Since the unfinished stent can be formed to near-net size, relatively little of the unfinished stent needs to be removed to finish the stent. As a result, further processing (which can damage the stent) and costly materials can be reduced. In some embodiments, about 0.0001 inch of the stent material can be removed by chemical milling and/or electropolishing to yield a stent.

In some embodiments, the stock material can be drawn through a series of dies with progressively smaller circular openings to plastically deform the member to a targeted size and shape. In some embodiments, a hollow tubular segment of stock material can be shaped by pilgering, fixed mandrel drawing, floating plug drawing, or a combination thereof. The resulting hollow tubular member can have an outer diameter of between 0.050 inches and 0.090 inches and a wall thickness of between 0.0030 inches and 0.0060 inches. The plastic deformation strain can alter the properties of the alloy, for example, by breaking apart the boride intermetallic phases 30.

Stent 20 can be of a desired shape and size (e.g., coronary stents, aortic stents, peripheral vascular stents, gastrointestinal stents, urology stents, and neurology stents). Depending on the application, stent 20 can have a diameter of between, for example, 1 mm to 46 mm. In certain embodiments, a coronary stent can have an expanded diameter of from 2 mm to 6 mm. In some embodiments, a peripheral stent can have an expanded diameter of from 5 mm to 24 mm. In certain embodiments, a gastrointestinal and/or urology stent can have an expanded diameter of from 6 mm to about 30 mm. In some embodiments, a neurology stent can have an expanded diameter of from about 1 mm to about 12 mm. An abdominal aortic aneurysm (AAA) stent and a thoracic aortic aneurysm (TAA) stent can have a diameter from about 20 mm to about 46 mm. Stent 20 can be balloon-expandable, self-expandable, or a combination of both (e.g., U.S. Pat. No. 5,366,504).

For example, the alloys described above could be used to produce BE coronary stents having a 0.0030 inch wall thickness, a 0.080 inch outer diameter, and a 0.074 inch inner diameter. Such stents can be produced by melting matrix and boron materials in a VIM furnace with an argon gas atomization fixture on the outlet of the VIM crucible. The atomized powder can be hot-isostatically pressed using conventional alloy HIP process parameters to form a dense preform in the shape of a hollow rod. After machining to remove alpha case (e.g., titanium oxide), the hollow rod can have an outer diameter of 0.8 to 1.2 inches and an inner diameter of 0.4 to 0.6 inches and a length of 6 to 9 inches. The hollow rod can be hot-extruded to reduce the wall thickness by 20 to 80 percent. The tube can be reduced in size via fixed mandrel or floating plug tube drawing operations with intermediate annealing steps to the final configuration of 0.080″ outer diameter and 0.070″ inner diameter. The stent tubing can be subjected to laser machining to cut the stent struts and connector geometry in the wall. Electrochemical etching and polishing can be used to remove the laser-affected layer of material, to produce the finished stent dimensions, and to produce the surface texture with microscopic boride particle protrusions. Small tantalum or platinum radiopaque marker bands can be secured onto the stent struts. A drug-eluting polymer coating can be applied to the stent surface. The stent can be crimped onto a balloon catheter, packaged, and sterilized.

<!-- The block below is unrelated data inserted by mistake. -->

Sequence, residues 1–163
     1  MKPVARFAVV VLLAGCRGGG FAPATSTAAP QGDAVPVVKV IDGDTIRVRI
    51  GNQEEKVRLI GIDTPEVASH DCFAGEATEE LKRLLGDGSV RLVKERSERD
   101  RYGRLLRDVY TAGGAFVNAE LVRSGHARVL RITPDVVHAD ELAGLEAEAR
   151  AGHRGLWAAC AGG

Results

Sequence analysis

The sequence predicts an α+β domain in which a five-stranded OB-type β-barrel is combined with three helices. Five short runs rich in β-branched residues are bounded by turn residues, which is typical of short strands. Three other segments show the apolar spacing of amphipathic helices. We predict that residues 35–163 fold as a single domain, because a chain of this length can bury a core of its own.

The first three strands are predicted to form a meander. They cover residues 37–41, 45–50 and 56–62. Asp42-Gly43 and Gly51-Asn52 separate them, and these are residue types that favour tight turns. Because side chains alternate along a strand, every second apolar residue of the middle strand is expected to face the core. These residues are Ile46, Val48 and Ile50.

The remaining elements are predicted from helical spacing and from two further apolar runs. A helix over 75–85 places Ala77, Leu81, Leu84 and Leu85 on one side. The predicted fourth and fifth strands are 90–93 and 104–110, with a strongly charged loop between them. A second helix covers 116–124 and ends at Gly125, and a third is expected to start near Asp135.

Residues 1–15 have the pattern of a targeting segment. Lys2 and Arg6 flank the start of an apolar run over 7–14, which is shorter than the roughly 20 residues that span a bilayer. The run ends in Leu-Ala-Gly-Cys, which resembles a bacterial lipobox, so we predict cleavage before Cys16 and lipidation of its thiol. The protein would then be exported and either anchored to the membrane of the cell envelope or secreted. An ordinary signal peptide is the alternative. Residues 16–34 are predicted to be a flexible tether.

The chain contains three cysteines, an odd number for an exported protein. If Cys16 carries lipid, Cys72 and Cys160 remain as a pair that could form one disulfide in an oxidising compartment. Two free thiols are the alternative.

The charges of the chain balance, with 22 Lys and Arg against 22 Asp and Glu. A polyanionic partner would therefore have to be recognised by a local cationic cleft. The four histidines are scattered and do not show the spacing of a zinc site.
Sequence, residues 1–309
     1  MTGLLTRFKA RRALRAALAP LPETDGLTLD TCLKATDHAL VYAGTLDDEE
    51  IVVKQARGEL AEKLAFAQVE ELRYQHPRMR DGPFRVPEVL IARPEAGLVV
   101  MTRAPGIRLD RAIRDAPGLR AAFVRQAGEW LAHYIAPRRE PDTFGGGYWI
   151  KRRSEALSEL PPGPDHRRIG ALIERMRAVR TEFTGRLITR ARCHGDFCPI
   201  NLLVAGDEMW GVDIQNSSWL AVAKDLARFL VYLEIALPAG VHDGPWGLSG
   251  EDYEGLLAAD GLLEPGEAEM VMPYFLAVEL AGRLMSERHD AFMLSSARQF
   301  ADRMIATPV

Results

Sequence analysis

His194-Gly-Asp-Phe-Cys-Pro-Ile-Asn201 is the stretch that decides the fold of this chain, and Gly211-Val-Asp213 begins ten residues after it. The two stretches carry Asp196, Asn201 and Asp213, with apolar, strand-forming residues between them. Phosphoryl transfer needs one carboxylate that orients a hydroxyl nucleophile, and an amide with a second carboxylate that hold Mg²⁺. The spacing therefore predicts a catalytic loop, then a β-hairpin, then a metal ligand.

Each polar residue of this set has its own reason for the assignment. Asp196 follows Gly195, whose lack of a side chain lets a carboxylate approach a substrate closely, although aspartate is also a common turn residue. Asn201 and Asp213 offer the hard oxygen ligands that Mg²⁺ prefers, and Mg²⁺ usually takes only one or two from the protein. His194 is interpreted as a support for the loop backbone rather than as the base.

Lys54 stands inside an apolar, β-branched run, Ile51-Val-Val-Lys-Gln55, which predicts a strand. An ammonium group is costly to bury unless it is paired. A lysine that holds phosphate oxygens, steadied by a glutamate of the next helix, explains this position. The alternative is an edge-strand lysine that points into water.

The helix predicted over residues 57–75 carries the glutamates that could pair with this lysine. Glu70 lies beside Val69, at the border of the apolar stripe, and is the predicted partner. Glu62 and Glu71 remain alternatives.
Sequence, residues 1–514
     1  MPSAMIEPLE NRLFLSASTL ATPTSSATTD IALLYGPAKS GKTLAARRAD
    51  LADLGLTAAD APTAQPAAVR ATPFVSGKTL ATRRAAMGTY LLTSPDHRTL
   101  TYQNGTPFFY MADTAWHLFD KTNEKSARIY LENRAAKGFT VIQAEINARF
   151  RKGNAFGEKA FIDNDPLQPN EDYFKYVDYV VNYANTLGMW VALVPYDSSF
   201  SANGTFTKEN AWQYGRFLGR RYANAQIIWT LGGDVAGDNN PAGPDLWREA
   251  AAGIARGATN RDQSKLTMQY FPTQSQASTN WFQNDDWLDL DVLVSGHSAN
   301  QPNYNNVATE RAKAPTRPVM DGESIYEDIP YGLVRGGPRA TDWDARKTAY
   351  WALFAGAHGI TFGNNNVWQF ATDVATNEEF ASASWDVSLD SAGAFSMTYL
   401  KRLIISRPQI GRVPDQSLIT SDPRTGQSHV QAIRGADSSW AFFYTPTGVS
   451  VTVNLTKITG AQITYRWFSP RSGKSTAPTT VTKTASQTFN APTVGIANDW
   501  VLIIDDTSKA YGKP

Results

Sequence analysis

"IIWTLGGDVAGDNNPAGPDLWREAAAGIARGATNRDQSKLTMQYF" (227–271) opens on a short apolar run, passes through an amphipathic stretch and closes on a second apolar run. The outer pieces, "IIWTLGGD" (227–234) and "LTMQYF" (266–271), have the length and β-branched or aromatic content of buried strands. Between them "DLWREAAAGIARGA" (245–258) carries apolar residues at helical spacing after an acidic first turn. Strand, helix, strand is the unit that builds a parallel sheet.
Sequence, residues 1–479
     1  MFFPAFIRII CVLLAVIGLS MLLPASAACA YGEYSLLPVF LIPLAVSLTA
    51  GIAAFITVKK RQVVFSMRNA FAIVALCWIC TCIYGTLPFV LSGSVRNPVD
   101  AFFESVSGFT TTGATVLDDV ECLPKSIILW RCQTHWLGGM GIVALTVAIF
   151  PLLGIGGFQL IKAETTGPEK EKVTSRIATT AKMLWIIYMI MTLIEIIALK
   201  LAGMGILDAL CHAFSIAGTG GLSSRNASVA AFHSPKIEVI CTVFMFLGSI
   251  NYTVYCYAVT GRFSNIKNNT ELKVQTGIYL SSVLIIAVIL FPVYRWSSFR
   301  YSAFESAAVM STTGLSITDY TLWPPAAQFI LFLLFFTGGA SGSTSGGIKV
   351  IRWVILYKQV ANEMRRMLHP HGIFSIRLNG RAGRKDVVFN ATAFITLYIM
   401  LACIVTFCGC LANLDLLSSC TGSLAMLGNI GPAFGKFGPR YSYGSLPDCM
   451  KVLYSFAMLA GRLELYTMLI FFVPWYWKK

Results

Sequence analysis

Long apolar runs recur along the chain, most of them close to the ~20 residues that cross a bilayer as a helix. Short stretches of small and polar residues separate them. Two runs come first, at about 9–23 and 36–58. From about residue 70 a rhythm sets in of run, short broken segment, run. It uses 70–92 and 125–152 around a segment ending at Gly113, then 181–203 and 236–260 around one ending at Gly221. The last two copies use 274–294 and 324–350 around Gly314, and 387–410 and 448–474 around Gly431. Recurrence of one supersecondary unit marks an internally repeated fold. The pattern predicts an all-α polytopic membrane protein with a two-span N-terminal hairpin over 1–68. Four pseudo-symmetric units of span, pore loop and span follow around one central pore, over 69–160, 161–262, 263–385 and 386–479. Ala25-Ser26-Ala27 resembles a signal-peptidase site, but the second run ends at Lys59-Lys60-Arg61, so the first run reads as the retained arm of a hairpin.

A Ti-0.5B BE coronary stent of the above dimensions would have a diameter recoil of less than 6 percent upon balloon expansion to 3.2 mm diameter and would require 0.10 to 0.30 Newtons force per millimeter of stent length to compress it from an initial balloon expanded diameter of 3.2 mm to 2.75 mm diameter within compression tester V-shaped platens. The tensile properties of the Ti-0.5B annealed stent tubing would be 17-19 msi Young's modulus, 40-60 ksi 0.2% offset yield strength, 65-85 ksi ultimate tensile strength, and >20 percent elongation.

A Ti-1.1B BE coronary stent of the above dimensions would have a diameter recoil of less than 8 percent upon balloon expansion to 3.2 mm diameter and would require 0.20 to 0.40 Newtons force per millimeter of stent length to compress it from an initial balloon expanded diameter of 3.2 mm to 2.75 mm diameter within compression tester V-shaped platens. The tensile properties of the Ti-1.1B annealed stent tubing would be 18-20 msi Young's modulus, 55-75 ksi 0.2% offset yield strength, 80-100 ksi ultimate tensile strength, and >15 percent elongation.

A Ti-1.4B BE coronary stent of the above dimensions would have a diameter recoil of less than 6 percent upon balloon expansion to 3.2 mm diameter and would require 0.30 to 0.50 Newtons force per millimeter of stent length to compress it from an initial balloon expanded diameter of 3.2 mm to 2.75 mm diameter within compression tester V-shaped platens. The tensile properties of the annealed Ti-1.4B stent tubing would be 19-21 msi Young's modulus, 75-95 ksi 0.2% offset yield strength, 100-120 ksi ultimate tensile strength, and >10 percent elongation.